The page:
In 2008, Ned Tisserat, a plant pathologist at Colorado State University, first identified the fungus, Geosmithia sp., involved in the disease.
The fungal disease enters the black walnut trees with the walnut twig beetle, a tiny bark beetle native to North America that enters the tree to produce egg galleries.
Cankers on the branch of a black walnut tree in Colorado (Photo courtesy Colorado State U.)
The fungus aggressively colonizes, producing large dead areas, or cankers, at each point of attack. Together, the beetle and fungus is known as thousand cankers disease.
The cankers ultimately fuse to girdle limbs and the trunk, restricting a tree’s water and nutrient movement. Infected trees exhibit drought-like symptoms such as leaf yellowing, wilting and branch dieback.
Walnut trees infected with the disease may contain tens of thousands of walnut twig beetles.
If infested logs are transported, the disease can move into new geographic areas.
Currently, the eastern edge of thousand cankers disease exists in pocketed areas along the Colorado’s Front Range.
Whitney Cranshaw, a Colorado State University entomologist, says this serious situation may become "catastrophic" if infective walnut twig beetles colonize in areas east of Colorado where black walnut is a native forest species.
Based on patterns seen in the West, such a colonization is "likely to develop into an uncontrollable outbreak," he says.
To prevent such an outbreak, it is critical that foresters, arborists, woodworkers, mills and companies involved in lumber movement take every precaution to avoid transporting infected walnut logs with intact bark to areas further east, the Colorado State scientists advise.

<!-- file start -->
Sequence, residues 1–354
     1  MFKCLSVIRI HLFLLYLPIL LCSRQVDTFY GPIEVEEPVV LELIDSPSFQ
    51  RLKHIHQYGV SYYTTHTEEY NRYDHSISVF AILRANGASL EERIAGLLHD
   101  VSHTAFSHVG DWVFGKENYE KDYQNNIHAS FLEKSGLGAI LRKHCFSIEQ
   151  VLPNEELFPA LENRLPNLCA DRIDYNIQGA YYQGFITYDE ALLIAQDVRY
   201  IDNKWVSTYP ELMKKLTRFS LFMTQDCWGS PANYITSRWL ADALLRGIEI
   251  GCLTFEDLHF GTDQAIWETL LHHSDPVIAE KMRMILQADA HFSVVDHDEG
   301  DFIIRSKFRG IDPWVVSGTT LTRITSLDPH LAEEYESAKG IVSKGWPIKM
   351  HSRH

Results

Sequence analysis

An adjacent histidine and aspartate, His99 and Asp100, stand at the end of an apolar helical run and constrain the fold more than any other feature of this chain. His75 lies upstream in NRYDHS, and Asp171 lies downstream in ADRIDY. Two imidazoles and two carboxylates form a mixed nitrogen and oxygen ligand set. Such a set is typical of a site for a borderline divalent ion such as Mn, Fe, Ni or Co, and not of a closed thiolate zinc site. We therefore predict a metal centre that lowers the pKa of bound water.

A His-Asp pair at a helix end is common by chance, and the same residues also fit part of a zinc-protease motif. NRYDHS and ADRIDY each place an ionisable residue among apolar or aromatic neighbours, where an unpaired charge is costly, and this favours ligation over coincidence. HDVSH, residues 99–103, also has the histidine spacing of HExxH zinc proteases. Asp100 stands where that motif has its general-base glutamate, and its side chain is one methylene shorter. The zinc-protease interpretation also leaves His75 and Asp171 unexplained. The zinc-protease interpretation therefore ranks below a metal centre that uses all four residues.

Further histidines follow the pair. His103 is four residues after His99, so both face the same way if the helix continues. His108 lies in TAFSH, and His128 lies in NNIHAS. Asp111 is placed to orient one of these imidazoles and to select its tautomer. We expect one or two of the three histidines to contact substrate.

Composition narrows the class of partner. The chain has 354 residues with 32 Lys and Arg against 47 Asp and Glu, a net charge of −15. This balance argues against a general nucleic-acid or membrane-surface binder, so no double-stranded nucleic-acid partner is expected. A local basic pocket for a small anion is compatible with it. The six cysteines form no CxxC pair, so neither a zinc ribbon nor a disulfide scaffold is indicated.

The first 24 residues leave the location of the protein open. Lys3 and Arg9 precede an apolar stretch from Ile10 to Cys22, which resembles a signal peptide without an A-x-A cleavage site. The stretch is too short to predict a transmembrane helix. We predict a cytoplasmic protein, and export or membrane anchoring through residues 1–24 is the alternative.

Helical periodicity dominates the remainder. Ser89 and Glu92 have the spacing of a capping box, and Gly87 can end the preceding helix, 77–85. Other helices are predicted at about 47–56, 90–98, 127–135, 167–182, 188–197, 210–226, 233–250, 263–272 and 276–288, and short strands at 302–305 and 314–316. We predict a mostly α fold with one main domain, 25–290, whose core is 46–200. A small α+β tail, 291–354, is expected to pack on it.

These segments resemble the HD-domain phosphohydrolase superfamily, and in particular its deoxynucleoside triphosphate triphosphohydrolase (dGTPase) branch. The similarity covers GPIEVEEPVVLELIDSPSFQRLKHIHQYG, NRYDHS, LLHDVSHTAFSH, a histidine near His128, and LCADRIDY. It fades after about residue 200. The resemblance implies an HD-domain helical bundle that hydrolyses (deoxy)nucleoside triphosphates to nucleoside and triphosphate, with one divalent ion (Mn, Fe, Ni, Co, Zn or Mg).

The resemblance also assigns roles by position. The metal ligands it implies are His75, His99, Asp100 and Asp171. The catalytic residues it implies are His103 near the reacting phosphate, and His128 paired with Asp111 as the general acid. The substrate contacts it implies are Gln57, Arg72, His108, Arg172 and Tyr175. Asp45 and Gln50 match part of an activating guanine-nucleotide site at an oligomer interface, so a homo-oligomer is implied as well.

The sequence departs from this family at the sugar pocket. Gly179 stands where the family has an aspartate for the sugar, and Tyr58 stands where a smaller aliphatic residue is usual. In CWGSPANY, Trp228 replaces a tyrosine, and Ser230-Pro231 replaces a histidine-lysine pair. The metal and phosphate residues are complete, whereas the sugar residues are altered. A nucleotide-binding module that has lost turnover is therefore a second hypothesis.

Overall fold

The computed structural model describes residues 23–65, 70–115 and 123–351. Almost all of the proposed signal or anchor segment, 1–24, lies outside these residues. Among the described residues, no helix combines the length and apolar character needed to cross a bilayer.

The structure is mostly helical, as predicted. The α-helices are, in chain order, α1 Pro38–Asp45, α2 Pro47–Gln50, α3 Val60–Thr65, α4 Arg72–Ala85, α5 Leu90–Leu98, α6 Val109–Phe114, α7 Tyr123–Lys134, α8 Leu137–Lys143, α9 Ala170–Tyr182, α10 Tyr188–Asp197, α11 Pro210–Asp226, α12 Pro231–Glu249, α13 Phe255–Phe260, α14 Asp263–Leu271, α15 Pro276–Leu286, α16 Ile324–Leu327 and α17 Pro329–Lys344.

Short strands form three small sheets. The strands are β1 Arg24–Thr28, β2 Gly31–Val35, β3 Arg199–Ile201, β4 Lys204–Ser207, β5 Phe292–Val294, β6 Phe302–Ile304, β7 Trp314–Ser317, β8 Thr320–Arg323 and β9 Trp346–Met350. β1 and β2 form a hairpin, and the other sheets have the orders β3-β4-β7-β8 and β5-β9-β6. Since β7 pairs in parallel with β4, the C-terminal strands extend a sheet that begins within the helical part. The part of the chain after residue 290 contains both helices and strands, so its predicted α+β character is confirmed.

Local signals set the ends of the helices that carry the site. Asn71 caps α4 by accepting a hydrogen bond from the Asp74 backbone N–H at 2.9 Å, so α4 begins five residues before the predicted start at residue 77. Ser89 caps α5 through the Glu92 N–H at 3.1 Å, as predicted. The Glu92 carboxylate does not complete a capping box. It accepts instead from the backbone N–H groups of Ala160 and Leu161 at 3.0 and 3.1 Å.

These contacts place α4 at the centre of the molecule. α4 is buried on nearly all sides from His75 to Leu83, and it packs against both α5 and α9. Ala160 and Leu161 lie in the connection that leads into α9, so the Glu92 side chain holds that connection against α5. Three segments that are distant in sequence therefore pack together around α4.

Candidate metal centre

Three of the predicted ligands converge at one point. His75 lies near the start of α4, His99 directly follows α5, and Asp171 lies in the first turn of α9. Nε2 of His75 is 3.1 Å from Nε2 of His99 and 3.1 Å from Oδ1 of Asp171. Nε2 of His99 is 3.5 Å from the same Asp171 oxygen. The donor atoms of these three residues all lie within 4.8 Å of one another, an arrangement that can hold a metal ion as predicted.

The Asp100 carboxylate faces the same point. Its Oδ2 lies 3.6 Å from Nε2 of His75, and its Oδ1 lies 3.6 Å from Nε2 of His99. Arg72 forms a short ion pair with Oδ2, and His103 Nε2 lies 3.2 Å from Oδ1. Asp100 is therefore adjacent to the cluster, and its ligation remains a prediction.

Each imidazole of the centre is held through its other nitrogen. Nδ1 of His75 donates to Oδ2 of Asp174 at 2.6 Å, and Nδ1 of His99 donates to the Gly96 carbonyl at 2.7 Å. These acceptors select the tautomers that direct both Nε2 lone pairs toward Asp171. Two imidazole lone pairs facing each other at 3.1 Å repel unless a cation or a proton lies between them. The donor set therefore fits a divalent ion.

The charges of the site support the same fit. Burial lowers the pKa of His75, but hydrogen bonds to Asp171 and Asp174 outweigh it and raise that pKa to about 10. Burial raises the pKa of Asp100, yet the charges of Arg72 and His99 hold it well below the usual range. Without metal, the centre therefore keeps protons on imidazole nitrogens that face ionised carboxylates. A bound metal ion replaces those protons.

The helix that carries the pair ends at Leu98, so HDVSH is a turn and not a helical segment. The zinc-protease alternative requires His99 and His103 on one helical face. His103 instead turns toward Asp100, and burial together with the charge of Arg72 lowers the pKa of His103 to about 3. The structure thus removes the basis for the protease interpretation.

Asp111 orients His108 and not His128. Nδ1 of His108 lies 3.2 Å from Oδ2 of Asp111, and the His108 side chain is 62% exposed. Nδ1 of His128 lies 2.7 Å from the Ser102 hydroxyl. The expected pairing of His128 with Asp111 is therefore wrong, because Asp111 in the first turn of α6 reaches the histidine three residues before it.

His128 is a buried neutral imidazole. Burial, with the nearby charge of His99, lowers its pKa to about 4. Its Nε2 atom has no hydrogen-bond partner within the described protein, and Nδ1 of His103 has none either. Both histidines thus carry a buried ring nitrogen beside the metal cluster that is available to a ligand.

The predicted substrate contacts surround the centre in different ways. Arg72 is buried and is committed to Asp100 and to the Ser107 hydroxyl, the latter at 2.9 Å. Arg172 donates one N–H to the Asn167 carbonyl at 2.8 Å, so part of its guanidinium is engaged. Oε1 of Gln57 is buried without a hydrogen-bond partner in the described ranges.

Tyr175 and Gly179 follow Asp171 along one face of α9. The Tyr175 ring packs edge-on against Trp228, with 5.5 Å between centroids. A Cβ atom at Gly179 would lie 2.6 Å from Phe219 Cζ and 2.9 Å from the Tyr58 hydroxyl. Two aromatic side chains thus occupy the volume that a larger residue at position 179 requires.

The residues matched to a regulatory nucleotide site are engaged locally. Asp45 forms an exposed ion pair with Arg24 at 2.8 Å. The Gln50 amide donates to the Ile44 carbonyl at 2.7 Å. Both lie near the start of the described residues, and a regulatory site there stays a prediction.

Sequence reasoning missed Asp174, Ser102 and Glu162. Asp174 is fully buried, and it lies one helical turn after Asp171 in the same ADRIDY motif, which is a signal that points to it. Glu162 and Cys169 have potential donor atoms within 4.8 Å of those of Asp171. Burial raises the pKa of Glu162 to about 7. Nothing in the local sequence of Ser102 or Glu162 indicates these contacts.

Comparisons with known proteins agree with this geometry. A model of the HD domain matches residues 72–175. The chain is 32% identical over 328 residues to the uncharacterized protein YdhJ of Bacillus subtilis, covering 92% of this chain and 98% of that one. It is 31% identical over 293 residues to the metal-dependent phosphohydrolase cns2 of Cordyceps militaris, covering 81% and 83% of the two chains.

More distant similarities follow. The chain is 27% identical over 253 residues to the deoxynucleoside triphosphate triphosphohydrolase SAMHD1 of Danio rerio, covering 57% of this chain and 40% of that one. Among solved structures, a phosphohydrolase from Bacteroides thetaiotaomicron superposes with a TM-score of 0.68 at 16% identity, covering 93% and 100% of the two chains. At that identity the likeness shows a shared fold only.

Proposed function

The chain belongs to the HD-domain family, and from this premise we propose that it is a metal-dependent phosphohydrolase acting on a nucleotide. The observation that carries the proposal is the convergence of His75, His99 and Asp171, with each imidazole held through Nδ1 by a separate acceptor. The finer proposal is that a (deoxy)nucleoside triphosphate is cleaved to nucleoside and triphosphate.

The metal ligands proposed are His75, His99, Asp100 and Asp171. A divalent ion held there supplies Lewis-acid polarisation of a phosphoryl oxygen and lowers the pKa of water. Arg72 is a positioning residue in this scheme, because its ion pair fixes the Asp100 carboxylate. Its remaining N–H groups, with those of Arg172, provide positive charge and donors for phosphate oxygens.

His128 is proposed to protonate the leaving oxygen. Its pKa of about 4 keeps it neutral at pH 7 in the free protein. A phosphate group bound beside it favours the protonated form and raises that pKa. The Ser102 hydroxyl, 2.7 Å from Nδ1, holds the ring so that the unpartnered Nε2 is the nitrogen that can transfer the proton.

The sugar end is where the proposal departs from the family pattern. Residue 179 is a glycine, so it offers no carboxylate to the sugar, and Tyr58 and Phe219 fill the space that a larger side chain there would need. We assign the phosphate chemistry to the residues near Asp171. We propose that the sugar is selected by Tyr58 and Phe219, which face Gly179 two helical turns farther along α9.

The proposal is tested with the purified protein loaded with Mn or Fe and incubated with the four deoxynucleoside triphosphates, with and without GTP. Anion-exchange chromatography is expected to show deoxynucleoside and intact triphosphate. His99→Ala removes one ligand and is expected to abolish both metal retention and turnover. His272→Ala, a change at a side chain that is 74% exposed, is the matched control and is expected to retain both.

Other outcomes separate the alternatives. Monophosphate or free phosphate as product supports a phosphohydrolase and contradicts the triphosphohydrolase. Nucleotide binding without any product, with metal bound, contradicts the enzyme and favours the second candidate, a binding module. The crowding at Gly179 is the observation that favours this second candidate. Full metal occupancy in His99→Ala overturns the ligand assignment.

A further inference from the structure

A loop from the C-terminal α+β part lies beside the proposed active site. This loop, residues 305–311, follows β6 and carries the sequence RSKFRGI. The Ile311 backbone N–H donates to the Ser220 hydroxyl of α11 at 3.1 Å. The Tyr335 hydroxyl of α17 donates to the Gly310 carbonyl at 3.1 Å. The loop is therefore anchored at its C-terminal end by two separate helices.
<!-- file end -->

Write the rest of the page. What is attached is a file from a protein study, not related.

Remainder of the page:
To date, the walnut twig beetle has been found in Washington, Oregon and California, as well as in Idaho, Utah, Colorado, Arizona and New Mexico and across the border in the Mexican state of Chihuahua.
Wilting and dying, this black walnut is infested with thousand cankers. (Photo courtesy CSU)
The first published record of a cluster of black walnut mortality associated with the walnut twig beetle was in the Espanola Valley of northern New Mexico where large numbers of mature black walnut died in 2001.
However, this may have been preceded in Utah where undetermined black walnut mortality occurred in the early 1990s along the Wasatch Front; a Utah record of the beetle dates to 1988.
In the Boise-Meridian area of Idaho, where the twig beetle was first confirmed present in 2003, large numbers of black walnut trees have died.
Black walnut declines have been noted in some Front Range communities in Colorado since 2001 and the twig beetle has been confirmed present in the state since 2004. In those communities where the insect has been detected, the majority of black walnut trees have died.
Mapping the spread of thousand cankers disease, particularly along its eastern range, is a focus of research at Colorado State this year.
Controls for thousand cankers disease have not yet been identified and their development will require better understanding of the biology of the walnut twig beetle and the canker-producing Geosmithia fungus, according to a Pest Alert issued by the Colorado State scientists.
Because of the extended period when adult beetles are active and the extensive areas of the trees that are colonized, foliar insecticide spray applications likely have limited effectiveness, the scientists say.
They warn that colonization of the bark and cambium by the Geosmithia fungus may continue even if adult beetles or larvae are killed by insecticide.
Rapid detection and removal of infected trees currently remains the primary means of managing thousand cankers disease.
To report the location of a walnut tree suspected of thousand cankers disease, please contact: CAS_WalnutSurvey@ColoState.EDU.
Copyright Environment News Service, ENS, 2009. All rights reserved.